Rome (AsiaNews) - In September of 2011, the rebels captured and killed Muammar Gaddafi. The presumed executioner was a young fighter who allegedly shot the dictator with his own gold-plated gun, according to media reports.
Although they were released from the yoke of their former strongman, Libyans have not become free from divisions, murders, hunger and uncertainty. Thousands of them continue to flee the country. This is where Il mio nome è Khalid (My name is Khalid by Marietti 1820, 89 p, €12) by journalist Monica Mondo begins.
Khalid, 13, is a Muslim boy from Tripoli who speaks several languages and is a Juventus fan. His family, like countless others, has been torn by hatred and suspicions. His father sided with Gaddafi, his older brother sided with the rebels after he was rejected by the army, his mother's relatives said. They too were against Gaddafi.
A few days after the dictator's death, Khalid decided to leave the country and got on a ship in the port of Tripoli bound for Italy. All he had with him was a dagger, a special gift from his grandfather, a photograph of him with his brother and a newspaper clipping.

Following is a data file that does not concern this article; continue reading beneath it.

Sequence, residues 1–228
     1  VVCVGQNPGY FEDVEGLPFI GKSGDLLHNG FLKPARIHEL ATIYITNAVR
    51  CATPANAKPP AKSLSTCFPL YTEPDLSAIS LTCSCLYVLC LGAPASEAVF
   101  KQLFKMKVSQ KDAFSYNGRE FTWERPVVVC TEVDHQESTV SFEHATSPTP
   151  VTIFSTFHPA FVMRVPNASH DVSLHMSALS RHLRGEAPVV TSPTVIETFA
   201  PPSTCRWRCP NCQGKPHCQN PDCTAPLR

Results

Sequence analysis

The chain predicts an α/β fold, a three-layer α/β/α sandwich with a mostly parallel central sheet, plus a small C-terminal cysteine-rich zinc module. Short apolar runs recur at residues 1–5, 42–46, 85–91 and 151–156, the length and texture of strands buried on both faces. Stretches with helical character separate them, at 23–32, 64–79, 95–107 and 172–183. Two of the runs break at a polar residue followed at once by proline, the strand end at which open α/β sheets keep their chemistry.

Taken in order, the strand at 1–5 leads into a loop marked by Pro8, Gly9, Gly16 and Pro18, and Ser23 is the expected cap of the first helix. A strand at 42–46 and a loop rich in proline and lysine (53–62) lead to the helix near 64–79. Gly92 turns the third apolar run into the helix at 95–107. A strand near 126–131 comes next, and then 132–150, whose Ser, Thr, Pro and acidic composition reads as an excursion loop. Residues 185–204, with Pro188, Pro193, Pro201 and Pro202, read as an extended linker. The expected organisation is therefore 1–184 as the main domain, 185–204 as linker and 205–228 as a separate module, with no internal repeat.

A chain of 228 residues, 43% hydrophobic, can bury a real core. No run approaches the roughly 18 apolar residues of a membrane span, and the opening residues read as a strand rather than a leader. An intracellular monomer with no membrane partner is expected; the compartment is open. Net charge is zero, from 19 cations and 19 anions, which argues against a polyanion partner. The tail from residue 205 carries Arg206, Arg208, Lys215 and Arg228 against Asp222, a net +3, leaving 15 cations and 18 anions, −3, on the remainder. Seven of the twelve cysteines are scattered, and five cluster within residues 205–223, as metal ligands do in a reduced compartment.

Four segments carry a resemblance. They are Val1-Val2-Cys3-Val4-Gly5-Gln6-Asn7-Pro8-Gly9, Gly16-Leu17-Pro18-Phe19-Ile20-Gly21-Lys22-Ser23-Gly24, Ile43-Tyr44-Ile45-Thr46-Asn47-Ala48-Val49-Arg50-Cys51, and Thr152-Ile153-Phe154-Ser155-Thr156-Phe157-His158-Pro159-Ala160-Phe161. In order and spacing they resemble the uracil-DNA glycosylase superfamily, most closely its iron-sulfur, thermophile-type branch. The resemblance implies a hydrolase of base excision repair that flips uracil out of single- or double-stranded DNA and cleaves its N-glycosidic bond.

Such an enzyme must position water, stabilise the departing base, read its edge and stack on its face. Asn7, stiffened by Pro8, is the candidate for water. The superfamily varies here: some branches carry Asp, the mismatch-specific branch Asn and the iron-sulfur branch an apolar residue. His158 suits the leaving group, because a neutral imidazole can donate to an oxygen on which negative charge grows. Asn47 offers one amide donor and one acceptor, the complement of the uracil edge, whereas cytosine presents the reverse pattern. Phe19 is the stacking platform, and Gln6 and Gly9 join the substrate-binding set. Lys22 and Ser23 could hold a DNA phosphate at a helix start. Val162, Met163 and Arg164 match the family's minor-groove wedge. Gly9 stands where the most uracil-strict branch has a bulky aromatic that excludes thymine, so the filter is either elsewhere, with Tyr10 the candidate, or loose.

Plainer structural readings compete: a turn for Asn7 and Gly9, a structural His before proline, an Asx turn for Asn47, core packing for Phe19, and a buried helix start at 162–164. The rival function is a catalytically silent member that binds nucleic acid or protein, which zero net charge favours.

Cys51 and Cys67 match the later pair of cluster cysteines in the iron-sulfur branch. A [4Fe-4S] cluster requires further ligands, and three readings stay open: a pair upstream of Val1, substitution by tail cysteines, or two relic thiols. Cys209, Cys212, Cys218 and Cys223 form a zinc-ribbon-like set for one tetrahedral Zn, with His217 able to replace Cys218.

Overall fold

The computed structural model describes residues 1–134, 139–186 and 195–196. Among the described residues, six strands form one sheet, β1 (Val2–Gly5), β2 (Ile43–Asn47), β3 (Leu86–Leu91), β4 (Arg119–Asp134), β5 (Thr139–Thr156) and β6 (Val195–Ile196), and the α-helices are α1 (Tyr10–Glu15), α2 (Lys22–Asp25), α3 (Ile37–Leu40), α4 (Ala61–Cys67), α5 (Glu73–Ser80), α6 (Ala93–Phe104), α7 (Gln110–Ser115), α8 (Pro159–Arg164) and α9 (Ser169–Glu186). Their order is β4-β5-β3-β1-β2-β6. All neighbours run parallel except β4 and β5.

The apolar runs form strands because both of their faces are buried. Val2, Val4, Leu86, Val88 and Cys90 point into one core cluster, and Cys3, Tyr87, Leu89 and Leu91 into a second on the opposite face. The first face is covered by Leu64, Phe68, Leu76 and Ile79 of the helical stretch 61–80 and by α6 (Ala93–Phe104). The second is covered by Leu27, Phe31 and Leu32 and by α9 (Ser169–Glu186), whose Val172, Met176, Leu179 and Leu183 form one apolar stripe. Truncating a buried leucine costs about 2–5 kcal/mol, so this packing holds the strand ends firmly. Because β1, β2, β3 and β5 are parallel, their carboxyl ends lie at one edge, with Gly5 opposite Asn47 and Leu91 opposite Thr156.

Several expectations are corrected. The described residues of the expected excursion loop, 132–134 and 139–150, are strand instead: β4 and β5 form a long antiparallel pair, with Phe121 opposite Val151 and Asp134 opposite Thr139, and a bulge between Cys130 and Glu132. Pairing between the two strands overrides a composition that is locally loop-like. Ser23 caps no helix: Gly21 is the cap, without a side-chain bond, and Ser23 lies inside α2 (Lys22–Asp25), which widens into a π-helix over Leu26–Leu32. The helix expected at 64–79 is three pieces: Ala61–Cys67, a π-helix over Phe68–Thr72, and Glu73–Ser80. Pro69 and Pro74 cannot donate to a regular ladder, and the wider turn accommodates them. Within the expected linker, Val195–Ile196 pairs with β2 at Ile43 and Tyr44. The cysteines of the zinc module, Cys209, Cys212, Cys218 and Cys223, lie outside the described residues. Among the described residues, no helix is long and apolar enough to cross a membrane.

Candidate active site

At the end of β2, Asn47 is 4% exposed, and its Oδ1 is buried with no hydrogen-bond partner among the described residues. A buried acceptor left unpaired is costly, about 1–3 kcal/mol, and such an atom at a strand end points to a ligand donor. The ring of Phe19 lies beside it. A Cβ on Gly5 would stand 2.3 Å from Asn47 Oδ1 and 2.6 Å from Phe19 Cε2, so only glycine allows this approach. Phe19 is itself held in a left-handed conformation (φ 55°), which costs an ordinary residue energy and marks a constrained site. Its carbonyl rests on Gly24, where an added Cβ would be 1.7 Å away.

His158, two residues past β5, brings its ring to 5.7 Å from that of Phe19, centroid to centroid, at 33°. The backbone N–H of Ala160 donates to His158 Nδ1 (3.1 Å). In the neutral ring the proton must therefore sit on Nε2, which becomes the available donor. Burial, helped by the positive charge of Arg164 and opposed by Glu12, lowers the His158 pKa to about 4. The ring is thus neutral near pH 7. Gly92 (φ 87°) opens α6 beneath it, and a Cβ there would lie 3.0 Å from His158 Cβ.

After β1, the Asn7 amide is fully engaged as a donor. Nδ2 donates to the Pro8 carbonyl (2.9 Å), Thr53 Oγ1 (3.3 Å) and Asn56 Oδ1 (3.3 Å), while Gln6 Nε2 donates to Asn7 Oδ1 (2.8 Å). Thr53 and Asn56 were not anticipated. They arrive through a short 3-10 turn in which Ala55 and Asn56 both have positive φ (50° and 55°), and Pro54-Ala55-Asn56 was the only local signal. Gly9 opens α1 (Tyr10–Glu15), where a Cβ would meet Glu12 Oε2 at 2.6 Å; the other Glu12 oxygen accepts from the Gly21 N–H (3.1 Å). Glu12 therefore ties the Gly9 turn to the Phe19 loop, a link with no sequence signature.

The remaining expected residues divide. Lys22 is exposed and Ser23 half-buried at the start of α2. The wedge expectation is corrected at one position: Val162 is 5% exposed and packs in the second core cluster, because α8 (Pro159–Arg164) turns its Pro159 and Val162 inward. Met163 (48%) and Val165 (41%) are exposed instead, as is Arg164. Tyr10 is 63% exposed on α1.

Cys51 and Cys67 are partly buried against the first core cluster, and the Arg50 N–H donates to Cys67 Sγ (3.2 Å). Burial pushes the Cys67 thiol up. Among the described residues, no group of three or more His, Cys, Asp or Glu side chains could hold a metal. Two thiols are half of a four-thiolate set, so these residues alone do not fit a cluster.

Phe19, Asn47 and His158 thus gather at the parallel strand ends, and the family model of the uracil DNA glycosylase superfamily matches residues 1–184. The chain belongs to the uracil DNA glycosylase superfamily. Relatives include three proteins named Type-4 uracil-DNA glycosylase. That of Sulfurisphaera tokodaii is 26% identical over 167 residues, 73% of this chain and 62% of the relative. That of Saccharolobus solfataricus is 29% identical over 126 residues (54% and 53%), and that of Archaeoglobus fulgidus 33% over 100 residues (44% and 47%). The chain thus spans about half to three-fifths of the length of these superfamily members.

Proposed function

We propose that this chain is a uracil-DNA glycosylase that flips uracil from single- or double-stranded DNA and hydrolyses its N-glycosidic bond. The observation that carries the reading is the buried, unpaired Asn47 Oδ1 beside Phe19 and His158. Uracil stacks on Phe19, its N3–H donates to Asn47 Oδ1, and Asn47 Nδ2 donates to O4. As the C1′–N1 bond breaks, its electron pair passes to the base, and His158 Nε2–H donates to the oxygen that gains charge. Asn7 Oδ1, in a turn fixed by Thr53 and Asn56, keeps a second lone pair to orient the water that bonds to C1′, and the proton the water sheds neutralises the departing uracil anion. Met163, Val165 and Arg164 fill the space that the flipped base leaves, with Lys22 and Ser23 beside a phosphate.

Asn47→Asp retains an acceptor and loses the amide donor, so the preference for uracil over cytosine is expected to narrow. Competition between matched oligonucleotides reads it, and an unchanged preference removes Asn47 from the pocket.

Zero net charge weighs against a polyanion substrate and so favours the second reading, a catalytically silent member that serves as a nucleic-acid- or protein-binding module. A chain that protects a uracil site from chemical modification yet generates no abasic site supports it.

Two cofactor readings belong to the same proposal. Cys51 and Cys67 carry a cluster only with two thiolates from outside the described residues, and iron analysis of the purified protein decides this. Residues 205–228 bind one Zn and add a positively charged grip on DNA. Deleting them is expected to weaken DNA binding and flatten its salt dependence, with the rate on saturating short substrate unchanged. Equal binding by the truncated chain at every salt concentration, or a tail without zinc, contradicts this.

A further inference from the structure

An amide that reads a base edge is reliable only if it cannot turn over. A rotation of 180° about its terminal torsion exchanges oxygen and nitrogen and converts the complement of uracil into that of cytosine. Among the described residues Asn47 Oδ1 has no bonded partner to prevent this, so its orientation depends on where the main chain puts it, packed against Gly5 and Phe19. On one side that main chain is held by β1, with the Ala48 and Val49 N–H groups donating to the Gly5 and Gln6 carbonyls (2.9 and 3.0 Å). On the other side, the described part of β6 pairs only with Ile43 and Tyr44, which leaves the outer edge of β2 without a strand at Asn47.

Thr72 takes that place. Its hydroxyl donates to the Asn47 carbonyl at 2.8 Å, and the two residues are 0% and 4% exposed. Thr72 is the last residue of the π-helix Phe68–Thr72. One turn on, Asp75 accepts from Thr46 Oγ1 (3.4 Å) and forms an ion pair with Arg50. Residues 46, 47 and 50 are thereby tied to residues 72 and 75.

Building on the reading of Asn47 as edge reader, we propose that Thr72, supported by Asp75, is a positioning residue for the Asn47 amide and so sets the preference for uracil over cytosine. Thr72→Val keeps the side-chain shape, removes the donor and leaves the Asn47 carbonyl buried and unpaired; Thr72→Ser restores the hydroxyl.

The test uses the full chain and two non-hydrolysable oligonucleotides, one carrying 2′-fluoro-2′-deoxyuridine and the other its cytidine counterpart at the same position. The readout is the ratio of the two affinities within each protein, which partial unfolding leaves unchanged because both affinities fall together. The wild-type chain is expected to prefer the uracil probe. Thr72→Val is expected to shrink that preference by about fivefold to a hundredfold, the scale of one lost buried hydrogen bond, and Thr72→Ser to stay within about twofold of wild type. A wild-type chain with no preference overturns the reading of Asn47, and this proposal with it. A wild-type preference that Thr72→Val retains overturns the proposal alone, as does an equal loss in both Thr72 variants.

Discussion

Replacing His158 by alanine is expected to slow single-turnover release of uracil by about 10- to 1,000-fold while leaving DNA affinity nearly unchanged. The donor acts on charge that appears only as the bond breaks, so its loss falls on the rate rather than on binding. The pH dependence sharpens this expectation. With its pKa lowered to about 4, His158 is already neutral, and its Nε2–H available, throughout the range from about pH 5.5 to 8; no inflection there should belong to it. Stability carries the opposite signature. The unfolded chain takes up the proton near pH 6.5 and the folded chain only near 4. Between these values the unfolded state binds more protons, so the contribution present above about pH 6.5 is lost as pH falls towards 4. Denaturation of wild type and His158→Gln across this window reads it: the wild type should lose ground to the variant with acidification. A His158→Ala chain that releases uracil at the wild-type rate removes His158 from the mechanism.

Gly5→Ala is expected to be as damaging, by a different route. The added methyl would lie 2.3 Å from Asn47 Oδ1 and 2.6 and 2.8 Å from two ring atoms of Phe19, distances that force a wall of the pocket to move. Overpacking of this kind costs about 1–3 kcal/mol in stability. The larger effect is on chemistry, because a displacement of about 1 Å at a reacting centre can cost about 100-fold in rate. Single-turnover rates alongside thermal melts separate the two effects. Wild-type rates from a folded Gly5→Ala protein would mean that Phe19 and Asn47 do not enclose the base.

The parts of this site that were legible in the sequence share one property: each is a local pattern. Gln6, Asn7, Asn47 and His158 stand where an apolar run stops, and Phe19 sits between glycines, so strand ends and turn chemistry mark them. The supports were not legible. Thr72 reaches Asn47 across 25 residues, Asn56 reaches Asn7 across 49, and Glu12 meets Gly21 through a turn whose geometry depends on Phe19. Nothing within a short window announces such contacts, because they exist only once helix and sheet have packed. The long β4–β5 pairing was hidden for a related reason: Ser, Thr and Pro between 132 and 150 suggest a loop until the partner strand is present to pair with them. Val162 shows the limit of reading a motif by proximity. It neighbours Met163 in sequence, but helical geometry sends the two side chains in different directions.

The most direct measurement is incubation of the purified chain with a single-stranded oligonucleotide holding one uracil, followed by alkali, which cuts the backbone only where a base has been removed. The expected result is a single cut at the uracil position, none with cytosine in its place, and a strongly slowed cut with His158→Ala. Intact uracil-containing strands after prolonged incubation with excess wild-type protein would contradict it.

Shrouded in mystery, the affection for his brother Mohammed is also dangerous because that same brother was the guy who shot Gaddafi and the picture shows him carried in triumph.
After an odyssey of three weeks, "I arrived a few hours ago on this ship and I can't take it anymore," Khalid said.
After he got to Rome, the boy was forced to grow up before his time because he was an illegal immigrant. In the Italian capital, he learnt to deal with the grim reality of immigrants, including everyday dangers and undercurrents of racism.
Written as a first-person narrative, the book describes the daily life of a Libyan boy who is hungry and afraid, but also his friendship with Paul, a young Sudanese who helped him survive in the dangerous world of illegal immigration.
In addition to the relationship with Paul, Khalid also discovered the warmth of volunteers, especially that of nuns who cared for him after he was attacked by some right-wing extremists in a park.
"Who are you? Nuns I guess even though they are dressed in blue. The nuns who teach at the school of the Church of St Francis (in Tripoli) are dressed in brown. . . . Who are you? Why are you holding me here?"
"I was naked, and one of you washed me with a wet sponge, the other stroked my hair, above the bandages. How embarrassing it is to be naked in front of two women. Yet you weren't. It was nice to be stroked, washed and clothed. I can't remember anyone doing this for me. . . . These ladies smile; they worry; they even treated Paul well."